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Wolfgang shared some great lessons, recipes and his zeal for cooking and the entire food "experience". Hard to not be infected by his excitement. Great stuff ! Enjoyed tremendously.

Love every second of it. I learned a lot and it has helped me to be a better cook.

I think the largest growth I have made as a home cook, is that my ability to balance flavors has greatly improved! My recipes have become much more rounded and the flavors really have been taken to a next level.

Like cooking with your Italian grandfather! He had an easy approach to things. We enjoyed his style and have tried a few recipes as well. Very good!


Comments

A fellow student

So, I followed the recipe and lesson. Again, the recipe doesn't itemize the water in the list ingredients, which it should. However, following the instructions, using highly gelatinous beef bones, and having followed instructions perfectly and using excellent quality equipment (Instant Pot), THIS MASTERCLASS WASTED A LOT OF MY TIME AND MONEY! After reducing by half and letting cool in the fridge, I removed the layer of fat and was expecting a nice congealed sauce base-NOPE! Too much liquid. THIS RECIPE IS OFF SO PLEASE NOTE THIS BEFORE SACRIFICING YOUR RESOURCES.

A fellow student

How come in the Veal Demi-Glace recipe, the 1/2 G of water that gets added to the pressure cooker isn't listed in the ingredients?

Heather Y.

Our local grocer has young bull bones and it makes such a rich delicious broth. I use it for my soba and pho recipes as well as sauces. It makes risotto so creamy too. Great to know what the veggie trio is called.

Jean

The video stopped and paused for 3-5 minutes twice. Then I got a message that stated it could not continue. I am not pleased.

Claire L.

I noticed that Chef Puck adds 1/2 gallon (8 cups) of water over his bones/vegetables in the video, but that the pdf recipe indicates to add 4 qt. water (16 cups). Would I be correct to say to simply add water to cover bones/vegetables instead?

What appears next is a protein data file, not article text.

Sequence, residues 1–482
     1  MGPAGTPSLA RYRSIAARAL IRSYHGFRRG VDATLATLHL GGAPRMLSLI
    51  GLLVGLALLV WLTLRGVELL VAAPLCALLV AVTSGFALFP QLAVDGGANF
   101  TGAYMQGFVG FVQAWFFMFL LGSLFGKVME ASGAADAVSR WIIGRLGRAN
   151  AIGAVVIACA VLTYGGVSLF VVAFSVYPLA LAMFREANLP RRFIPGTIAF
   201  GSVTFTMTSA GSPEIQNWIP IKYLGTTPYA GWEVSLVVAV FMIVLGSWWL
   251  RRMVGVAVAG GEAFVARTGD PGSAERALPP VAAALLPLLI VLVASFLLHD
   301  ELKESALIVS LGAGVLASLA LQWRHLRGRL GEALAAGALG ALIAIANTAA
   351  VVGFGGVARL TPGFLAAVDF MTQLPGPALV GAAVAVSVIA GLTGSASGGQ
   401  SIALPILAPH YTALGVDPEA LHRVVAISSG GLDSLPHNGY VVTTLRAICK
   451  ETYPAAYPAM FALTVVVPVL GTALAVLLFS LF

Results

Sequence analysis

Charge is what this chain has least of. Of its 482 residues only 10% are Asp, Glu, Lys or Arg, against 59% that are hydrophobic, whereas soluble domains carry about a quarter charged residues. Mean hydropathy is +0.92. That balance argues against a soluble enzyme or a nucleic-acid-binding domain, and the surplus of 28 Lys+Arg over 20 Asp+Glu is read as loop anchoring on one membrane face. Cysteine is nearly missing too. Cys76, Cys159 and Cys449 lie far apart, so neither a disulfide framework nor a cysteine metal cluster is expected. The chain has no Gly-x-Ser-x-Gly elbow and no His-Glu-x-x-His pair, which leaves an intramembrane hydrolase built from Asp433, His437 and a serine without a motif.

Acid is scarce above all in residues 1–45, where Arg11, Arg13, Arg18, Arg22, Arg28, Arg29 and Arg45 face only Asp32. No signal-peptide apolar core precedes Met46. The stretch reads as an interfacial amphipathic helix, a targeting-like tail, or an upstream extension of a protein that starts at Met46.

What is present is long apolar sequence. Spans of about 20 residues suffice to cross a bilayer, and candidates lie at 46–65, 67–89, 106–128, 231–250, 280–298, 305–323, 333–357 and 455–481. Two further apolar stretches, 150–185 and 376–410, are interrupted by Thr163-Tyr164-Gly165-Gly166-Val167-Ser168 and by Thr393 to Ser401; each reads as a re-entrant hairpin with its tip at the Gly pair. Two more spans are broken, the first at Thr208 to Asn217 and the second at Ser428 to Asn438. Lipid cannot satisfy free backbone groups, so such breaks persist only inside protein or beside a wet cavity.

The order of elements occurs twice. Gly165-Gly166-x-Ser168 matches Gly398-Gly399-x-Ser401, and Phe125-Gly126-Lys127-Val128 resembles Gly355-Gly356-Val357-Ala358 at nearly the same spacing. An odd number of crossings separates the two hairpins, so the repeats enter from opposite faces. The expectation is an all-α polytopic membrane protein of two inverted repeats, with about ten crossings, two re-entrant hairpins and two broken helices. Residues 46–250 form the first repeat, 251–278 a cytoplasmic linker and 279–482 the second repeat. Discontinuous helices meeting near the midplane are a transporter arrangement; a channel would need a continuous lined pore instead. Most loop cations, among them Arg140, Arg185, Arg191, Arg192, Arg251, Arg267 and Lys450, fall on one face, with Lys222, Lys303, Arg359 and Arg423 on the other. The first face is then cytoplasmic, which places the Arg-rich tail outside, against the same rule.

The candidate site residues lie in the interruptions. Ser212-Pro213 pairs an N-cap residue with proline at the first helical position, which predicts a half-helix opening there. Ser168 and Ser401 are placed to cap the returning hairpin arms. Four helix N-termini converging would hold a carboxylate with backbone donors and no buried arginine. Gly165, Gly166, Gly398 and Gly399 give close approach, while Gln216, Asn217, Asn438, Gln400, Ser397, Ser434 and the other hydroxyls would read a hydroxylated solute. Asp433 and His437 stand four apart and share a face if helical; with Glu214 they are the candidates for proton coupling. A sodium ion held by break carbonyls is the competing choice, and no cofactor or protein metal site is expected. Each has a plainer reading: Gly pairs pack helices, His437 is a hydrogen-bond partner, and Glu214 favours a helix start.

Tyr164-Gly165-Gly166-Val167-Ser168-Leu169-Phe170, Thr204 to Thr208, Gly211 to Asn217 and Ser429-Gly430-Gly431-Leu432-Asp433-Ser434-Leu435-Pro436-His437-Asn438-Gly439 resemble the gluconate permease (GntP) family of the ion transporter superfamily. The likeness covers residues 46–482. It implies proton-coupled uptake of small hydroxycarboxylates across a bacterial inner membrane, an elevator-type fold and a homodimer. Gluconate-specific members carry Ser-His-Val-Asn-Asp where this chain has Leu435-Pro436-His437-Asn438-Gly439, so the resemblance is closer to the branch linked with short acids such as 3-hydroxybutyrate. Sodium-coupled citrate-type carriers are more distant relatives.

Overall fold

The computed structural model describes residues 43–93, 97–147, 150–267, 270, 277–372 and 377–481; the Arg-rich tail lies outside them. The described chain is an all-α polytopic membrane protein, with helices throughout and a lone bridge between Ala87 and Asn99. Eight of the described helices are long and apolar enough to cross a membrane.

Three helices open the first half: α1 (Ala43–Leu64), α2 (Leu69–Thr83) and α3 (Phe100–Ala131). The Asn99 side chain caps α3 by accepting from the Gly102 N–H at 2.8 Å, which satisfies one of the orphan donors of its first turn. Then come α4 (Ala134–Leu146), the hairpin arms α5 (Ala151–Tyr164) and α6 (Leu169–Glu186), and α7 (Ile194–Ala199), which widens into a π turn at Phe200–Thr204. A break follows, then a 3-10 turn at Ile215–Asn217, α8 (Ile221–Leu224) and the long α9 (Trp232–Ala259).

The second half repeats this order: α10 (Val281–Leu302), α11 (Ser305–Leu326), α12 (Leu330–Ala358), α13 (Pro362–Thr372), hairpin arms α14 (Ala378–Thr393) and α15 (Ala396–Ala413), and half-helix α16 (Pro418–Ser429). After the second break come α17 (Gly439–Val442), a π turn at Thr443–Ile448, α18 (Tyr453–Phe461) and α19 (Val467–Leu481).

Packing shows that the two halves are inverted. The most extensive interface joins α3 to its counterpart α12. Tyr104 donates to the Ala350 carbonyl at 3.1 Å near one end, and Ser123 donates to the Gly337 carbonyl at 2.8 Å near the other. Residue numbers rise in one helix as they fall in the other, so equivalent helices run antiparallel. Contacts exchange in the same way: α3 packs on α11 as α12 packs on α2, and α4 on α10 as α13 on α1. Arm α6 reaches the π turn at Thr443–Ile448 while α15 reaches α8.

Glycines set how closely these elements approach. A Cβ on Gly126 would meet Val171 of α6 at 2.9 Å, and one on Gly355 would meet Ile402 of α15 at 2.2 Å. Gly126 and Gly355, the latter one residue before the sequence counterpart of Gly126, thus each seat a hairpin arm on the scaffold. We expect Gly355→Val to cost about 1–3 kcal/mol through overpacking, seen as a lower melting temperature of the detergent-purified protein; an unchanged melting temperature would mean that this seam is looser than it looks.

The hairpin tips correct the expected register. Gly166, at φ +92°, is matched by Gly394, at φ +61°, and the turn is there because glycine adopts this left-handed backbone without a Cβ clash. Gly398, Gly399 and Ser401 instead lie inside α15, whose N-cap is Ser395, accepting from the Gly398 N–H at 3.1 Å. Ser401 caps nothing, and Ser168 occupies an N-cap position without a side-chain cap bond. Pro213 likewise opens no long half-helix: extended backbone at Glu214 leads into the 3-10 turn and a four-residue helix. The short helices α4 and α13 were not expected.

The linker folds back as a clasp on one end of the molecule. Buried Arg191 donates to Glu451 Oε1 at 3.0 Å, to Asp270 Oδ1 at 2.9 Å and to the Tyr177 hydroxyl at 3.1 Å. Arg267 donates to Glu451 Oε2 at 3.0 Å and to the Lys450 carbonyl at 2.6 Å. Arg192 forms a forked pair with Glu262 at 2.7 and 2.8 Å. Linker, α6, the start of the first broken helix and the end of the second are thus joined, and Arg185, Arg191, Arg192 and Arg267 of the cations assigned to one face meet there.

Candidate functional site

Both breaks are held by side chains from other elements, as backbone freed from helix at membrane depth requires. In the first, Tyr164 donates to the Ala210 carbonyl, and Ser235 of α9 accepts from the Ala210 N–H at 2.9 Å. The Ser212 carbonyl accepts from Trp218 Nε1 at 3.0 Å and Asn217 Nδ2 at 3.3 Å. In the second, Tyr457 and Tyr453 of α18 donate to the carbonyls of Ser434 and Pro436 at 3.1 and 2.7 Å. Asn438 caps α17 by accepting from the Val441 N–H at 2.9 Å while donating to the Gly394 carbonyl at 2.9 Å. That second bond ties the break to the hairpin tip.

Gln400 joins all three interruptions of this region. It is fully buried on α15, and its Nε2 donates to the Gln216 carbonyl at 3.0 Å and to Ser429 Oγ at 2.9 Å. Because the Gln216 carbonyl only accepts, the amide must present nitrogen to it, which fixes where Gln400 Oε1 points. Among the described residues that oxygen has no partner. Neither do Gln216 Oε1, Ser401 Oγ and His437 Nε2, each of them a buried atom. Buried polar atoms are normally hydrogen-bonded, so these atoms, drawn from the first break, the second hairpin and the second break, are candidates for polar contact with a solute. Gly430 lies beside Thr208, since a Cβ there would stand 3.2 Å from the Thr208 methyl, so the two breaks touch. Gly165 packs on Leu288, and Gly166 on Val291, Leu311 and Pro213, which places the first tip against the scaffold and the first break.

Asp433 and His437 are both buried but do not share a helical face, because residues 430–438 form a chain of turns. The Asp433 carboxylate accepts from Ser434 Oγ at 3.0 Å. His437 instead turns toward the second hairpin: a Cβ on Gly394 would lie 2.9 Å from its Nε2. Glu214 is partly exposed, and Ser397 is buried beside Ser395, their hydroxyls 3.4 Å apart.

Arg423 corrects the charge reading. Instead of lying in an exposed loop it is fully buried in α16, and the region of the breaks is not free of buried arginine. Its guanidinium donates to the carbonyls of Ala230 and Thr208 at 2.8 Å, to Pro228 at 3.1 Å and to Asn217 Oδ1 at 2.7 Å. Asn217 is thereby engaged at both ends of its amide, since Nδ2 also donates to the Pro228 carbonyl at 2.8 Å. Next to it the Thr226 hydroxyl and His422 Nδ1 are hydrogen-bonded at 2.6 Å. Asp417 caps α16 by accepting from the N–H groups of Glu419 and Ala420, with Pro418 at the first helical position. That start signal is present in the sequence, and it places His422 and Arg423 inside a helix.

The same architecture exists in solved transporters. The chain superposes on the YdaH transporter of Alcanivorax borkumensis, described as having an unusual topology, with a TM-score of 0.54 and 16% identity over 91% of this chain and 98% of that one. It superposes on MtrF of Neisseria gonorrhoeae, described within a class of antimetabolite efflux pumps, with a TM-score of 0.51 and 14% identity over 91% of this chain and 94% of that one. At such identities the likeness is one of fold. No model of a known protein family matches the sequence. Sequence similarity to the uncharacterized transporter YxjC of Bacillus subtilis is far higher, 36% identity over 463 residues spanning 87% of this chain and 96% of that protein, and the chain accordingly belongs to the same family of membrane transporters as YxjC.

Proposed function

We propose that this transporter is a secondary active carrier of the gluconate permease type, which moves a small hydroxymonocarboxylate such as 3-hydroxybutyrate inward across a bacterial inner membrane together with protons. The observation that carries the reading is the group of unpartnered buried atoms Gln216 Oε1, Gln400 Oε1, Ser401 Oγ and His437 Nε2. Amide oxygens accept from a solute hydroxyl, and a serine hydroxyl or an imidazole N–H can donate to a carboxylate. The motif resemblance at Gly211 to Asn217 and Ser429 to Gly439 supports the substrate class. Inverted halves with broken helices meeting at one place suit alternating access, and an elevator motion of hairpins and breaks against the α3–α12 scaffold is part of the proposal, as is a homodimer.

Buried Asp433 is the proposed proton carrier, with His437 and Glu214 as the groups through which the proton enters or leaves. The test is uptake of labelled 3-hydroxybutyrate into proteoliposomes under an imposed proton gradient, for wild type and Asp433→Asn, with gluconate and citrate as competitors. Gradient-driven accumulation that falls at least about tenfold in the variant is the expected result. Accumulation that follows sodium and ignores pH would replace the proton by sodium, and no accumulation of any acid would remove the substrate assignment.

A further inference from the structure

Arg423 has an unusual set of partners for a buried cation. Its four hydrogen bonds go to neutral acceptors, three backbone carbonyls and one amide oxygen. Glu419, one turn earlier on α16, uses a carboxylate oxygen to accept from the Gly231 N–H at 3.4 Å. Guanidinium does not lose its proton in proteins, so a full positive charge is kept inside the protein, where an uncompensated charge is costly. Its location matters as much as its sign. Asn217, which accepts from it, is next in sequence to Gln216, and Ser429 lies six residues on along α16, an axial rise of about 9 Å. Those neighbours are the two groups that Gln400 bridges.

Tim H.

I am having trouble getting my stock to thicken up, even after reducing it over 50%. My plan was to thicken it with the heavy cream when I make the red wine sauce for the pepper steaks. Does anyone have any other suggestions?

Christie C.

I freeze stock in ice cube trays all the time (usually store bought bone broth, I confess). Sometimes, I'll add garlic cloves or herbs. There are trays with lids that you can get. When I cook sous vide, I add in the frozen stock cubes, so there isn't liquid in the bag to get sucked out in my vacuum sealer - which can be a mess. Now, I need to try making my own stock!

Jennifer M.

Ok, so ridiculous question, but what happens if I do this without the bones? Will I have a kick-ass veggie stock? I'm not too worried if it's not a demi-glace. Complex, flavorful veggie stocks are hard to come by.

A fellow student

I tried this with chicken bones, the amount of pepper was far too much using the info in the pdf. Hours of prep simply to throw it away. Not sure what went wrong, but it wasn’t good.

A fellow student

I roasted bones well once, and the next time I tried, it was disastrous. Just burned, no browning. Is a 500-degree oven really necessary or could one roast the bones at say 400 degrees F?